Thursday, April 28, 2011

The Competition.

As co-creators of this BIG ship. We take turns in navigation. Trusting the other will spy rock and steer us well. And sometimes we see the same rock differently. And then what? There is listening. And counter argument. And the one with the greatest gut wins. And the other accepts it. And takes disappointment on the chin. Like a child, a little grumpy but soon engaged with the next wave and past the rock completely.

I wanted to enter a competition to give us some instant BIG cash and a business fast track. I wrote the application and had a feeling we were a strong contender. Lilly felt the same, and then asked me to pull the application. I did. Because I knew it was not right. That for a company like ours to be ethical and brave, we could not. But I am still a bit grumpy. And I think it is mainly because I want to see if we could/would win!

In my house tonight I had an extra child. An international, visiting from London. Squashed in age between my two boys, the resulting trysts were hilarious. Before bed there were re-enactments of the Cirque du Soleil performance we had just witnessed (thanks Grannie!): all strong men and acrobats and silent movie film stars careering around in the playroom til WAY beyond bedtime. Wind down consisted of gluey fingers sticking paper-monsters, a collaborative calamity of a shoebox house (I am no queen of craft!) and a drawing competition. The competition winner was decided by a spinning pencil. The 5yr old judge spun it repeatedly until his brother won. In the end it was decided the visitor should win. Skill played no part in the decider as they agreed all were brilliant. Paper medals were made up. And a very wonky trophy. Photos were taken, the picture gallery hung, and the satisfied winners eventually all tumbled sleepwards.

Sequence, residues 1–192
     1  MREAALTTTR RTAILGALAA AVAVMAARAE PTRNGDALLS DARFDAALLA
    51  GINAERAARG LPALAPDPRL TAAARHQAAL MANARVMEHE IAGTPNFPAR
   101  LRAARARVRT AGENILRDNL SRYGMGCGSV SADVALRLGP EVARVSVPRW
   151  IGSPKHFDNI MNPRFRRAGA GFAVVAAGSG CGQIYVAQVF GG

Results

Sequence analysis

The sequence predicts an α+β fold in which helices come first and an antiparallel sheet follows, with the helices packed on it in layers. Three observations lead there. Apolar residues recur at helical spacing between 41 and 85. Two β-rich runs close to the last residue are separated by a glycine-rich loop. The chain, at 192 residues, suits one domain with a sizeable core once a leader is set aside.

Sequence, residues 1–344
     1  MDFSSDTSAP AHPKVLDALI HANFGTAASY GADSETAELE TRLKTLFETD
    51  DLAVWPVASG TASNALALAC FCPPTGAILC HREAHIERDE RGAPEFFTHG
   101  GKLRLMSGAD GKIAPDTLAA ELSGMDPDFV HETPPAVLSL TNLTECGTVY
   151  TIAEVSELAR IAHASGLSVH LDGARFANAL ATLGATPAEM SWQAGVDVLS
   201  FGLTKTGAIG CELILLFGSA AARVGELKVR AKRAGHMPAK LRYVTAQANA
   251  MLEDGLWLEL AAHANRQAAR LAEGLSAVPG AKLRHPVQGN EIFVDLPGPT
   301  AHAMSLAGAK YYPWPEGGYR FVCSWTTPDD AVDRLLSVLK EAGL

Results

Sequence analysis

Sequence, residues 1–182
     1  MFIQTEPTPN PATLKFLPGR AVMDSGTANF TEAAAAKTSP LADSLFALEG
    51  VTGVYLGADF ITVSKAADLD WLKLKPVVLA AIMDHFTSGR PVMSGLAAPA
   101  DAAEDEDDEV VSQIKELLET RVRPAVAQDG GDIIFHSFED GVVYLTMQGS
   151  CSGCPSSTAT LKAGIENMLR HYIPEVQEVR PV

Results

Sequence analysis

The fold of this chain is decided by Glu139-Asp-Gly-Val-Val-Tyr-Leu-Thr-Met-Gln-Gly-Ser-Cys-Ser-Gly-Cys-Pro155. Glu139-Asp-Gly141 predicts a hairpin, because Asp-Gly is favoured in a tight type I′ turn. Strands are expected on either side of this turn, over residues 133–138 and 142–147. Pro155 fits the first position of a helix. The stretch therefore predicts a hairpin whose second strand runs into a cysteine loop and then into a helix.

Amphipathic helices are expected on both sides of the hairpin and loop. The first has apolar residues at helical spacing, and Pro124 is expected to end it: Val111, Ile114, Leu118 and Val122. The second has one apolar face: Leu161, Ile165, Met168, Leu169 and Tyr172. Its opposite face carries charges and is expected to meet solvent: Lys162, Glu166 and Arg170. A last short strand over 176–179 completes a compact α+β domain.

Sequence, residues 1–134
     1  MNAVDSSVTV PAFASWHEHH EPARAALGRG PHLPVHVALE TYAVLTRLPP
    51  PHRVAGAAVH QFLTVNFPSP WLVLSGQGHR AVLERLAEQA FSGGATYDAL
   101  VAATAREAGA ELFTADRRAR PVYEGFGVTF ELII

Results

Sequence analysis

I sat with the paper trophy and let myself wonder. And then I went back to the competition entry and deleted my submission. Crossing each other out in the over-rule? No.
A lighthouse at a pivotal BIG juncture in the making of this magazine? Yes.
Thanks Lilly.

Monday, April 25, 2011

Risking 'right'

A group of children sit in an art class after school. They tumble in raucous and joyful needing to run and roll the structure of their day onto the gym floor. They eat ravenously, warm yoghurt tubes and squashed sandwiches, chattering playground secrets and relief. Slowly the fidgeting falls away and there is enough calm to gather in a circle and begin. Our time together always starts with questions. What can you see in this painting? How does it make you feel? What do you like about it? What bothers you?  At first it is all averted eyes and shuffling. Then a few clowns take centre stage with the rampant playfulness of tweens. Snorts and giggles. Eventually hands are raised with hesitancy, and often there is a familiar lilt at the end of an answer. A hidden question returned to me, the teacher. Did I get it right? Is that what you wanted? Did I pass your test? Sometimes this goes on for weeks. Cautious. Restrained. Then finally something happens.  A child, usually a quiet one, speaks without raising their hand and blurts out a real answer, unfettered and confident. The room is quiet and the words hang unencumbered in the air. “I like it because it makes me think about my grandma, she was an artist and used to paint just like this. I feel happy to think of her” Everyone is listening intently. Bright eyes sparkle and there is a buzz of excitement and a new kind of focus in the room. An explosion of conversation and debate ensues.



They have incredible ideas these little philosophers, and their relief at expressing authentic voices and angles is absolutely palpable.  Having finally understood that the enquiry is ‘real’, probing and unlimited in its scope a room full of children come alive. School doors open to the world.  Kids sit taller, speak more clearly, and become animate and alert. Instead of searching for test paper comebacks and rote responses they begin investigating their own humanity and unique perspectives with enthusiasm. I live for this moment, when children reawaken to their own ingenuity and brilliance. It takes time, but after a while they are far less afraid to make mistakes, the payoff of risking ‘getting it right’ has proved worth it.

Last week Jo's youngest son experienced exactly this moment:

My 2nd born boy finally drew me a BIG bird...he had kept asking me to 'trace' an outline for him to colour in as he didn't know 'how' to draw a bird. He likes to get things right. He demands specificity about what is real and unreal (notice the grass and the sky). After having an older child who never once asked if his take on the world was 'right' it just 'was', and still 'is' (no matter if the sky is green and the tree upside down!)